2. Add the beef and continue to cook for about 5 more minutes.
  3. Add the Passata and wine. Add a little water to the Passata jar and give it a little shake to get all the tomato out of the jar; add this to the pot. Heat to bubbling, then let it sit on low heat, stirring from time to time, for an hour and a half to two hours.
  4. Remove the sausages and beef from the sauce. Use the back of a wooden spoon to crush the carrot and celery, then stir it into the sauce.
  5. Cut the sausage into bite-sized chunks. Remove the beef from the bone and pull it into bite-sized pieces. Add the meat back to the pot and let it heat up again.
  6. Salt and pepper to taste.
  7. Cook your pasta and toss it with some of the sauce. Grate some cheese on top and enjoy!
View from Resort Borgo san Rocco - trustinkim
A view from my room at Resort Borgo san Rocco in Savoca, Sicily

The Kitchen at Borgo san Rocco - trustinkim


Chicken Marbella

chicken marbella - trustinkim

Chicken Marbella is a delicious dish that you begin by marinating the day before, and then just pop it in the oven before dinner. It’s a great balance of salty and sweetness, and the sauce is awesome when mopped up with a piece of bread! The figs and prunes melt away into the sauce, and make it beautifully rich.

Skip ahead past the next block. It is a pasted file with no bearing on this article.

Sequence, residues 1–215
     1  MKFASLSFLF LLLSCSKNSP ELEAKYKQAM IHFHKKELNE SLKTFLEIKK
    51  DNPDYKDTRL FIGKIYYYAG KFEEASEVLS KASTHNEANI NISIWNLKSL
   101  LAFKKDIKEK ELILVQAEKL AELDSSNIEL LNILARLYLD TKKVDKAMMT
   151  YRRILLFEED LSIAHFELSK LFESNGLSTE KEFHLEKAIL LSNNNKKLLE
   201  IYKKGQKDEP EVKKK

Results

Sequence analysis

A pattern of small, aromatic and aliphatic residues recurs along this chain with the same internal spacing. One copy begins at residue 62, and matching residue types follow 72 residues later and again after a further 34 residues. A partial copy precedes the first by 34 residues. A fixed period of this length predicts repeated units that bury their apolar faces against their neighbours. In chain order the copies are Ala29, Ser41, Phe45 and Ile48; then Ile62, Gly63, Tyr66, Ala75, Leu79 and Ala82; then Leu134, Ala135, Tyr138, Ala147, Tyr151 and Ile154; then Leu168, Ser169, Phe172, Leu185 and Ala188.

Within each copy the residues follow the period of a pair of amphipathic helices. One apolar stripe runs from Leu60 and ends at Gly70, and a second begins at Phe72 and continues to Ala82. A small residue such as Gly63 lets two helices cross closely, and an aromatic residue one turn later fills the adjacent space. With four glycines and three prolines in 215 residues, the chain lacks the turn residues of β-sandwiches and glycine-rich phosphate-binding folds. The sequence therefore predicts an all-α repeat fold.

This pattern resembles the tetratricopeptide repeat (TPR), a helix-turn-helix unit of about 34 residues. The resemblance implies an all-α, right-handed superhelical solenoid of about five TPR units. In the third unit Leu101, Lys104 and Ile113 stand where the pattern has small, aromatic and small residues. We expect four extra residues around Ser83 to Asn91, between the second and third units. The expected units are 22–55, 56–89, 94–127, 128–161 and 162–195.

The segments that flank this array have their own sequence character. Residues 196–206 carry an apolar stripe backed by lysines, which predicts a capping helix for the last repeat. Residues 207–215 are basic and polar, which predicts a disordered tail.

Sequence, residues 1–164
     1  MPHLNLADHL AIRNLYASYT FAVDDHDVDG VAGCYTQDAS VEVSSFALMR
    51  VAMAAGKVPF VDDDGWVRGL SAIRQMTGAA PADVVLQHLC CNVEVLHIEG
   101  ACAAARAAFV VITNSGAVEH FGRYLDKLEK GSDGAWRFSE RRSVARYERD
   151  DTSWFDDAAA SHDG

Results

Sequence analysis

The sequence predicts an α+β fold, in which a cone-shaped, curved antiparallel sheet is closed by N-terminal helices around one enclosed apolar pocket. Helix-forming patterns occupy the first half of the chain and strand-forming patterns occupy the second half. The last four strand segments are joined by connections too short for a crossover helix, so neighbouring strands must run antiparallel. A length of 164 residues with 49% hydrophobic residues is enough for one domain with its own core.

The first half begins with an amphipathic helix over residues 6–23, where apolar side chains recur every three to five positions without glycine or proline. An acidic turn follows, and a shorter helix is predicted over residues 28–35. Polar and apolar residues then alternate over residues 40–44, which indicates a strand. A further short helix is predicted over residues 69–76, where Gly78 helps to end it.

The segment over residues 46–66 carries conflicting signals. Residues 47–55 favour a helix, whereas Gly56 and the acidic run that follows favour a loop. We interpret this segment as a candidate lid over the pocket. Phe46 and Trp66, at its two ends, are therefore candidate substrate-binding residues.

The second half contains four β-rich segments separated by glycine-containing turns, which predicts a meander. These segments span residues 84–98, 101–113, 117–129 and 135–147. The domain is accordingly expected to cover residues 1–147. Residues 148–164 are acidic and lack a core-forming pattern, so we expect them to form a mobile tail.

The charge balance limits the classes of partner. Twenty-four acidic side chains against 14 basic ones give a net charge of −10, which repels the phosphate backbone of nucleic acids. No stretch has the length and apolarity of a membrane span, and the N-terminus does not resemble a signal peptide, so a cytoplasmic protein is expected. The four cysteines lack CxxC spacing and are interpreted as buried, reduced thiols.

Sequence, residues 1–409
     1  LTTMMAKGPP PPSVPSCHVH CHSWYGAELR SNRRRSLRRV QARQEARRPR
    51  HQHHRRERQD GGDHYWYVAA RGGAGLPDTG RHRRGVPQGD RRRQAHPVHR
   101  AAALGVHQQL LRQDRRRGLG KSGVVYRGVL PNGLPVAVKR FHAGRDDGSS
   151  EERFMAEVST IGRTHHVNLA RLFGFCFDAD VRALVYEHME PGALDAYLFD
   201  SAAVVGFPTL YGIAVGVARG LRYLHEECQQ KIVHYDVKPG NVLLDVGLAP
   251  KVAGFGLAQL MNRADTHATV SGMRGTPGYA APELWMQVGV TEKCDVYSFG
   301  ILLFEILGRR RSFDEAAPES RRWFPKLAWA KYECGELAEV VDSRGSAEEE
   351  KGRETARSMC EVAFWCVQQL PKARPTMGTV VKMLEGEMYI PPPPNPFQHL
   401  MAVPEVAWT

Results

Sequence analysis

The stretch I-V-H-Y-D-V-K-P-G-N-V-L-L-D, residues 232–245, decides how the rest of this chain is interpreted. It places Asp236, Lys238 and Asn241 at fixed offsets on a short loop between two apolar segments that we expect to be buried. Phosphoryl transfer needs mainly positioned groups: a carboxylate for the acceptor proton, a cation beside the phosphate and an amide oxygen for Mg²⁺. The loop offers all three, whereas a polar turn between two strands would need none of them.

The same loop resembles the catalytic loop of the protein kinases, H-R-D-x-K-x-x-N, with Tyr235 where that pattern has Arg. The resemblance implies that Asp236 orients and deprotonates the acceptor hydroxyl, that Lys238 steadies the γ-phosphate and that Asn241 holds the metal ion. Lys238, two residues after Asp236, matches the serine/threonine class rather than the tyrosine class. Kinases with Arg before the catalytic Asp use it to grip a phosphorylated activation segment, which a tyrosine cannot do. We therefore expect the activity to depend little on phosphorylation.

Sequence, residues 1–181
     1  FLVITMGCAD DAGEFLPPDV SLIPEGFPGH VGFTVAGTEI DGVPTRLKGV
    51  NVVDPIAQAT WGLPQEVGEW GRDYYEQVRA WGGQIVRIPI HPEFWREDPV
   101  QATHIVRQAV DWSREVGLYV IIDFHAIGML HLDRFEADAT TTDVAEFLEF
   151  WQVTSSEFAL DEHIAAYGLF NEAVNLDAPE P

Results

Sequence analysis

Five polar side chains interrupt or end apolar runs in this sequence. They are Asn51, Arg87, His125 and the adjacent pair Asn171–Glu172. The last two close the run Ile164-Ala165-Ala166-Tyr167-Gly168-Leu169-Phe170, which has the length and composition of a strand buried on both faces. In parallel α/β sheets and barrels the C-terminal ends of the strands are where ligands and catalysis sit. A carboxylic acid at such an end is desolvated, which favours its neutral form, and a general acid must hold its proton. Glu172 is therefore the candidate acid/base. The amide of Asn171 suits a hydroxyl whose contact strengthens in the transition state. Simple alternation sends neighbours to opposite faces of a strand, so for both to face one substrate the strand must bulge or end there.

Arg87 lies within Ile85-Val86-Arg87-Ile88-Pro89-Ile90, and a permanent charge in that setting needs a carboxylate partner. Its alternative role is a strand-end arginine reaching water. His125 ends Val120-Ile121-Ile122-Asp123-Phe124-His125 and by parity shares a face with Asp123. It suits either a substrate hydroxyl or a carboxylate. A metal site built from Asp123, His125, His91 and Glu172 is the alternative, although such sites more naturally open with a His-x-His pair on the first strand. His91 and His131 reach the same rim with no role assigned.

I have posted this recipe before, but I slightly changed the instructions. Plus I was never happy with the old photo. It’s hard to take photos of food in an apartment with very little natural lighting!

The recipe I use is from the Whitewater Cookbook, but it originally came from the Silver Palate Cookbook .

What you need:

  • 5 lbs chicken pieces (I used bone-in skinless thighs and some drumsticks)
  • 6 cloves garlic
  • 2 tablespoons fresh oregano or 1 tablespoon dried
  • 2 teaspoons salt
  • 2 teaspoons freshly ground pepper
  • 1/4 cup red wine vinegar
  • 1/4 cup olive oil
  • 1/2 cup prunes, chopped into small pieces
  • 1/2 cup dried figs, chopped into quarters
  • 1/4 cup green olives (I used extra)
  • 1/4 cup capers with a bit of juice
  • 3 bay leaves
  • 1/2 cup brown sugar
  • 1 cup white wine
  • parsley for garnish

What you do:

1. Combine all the ingredients except the parsley, brown sugar and wine, and pour it over the chicken in a shallow dish. Coat all he chicken in the marinade. Cover the dish and marinate the chicken overnight in the fridge.  Turn the chicken pieces once in a while to coat them, if you have time.

2. Preheat the oven to 350F. Sprinkle the chicken with the brown sugar and pour the wine around it. Bake the chicken, uncovered, for 50 minutes.  Baste frequently. The chicken should be a deep golden brown colour when it’s done.

3. Garnish each plate with some parsley. I served mine with a fresh crusty baguette, steamed broccoli, and a salad on the side.It is also nice on rice.

This one makes some awesome leftovers!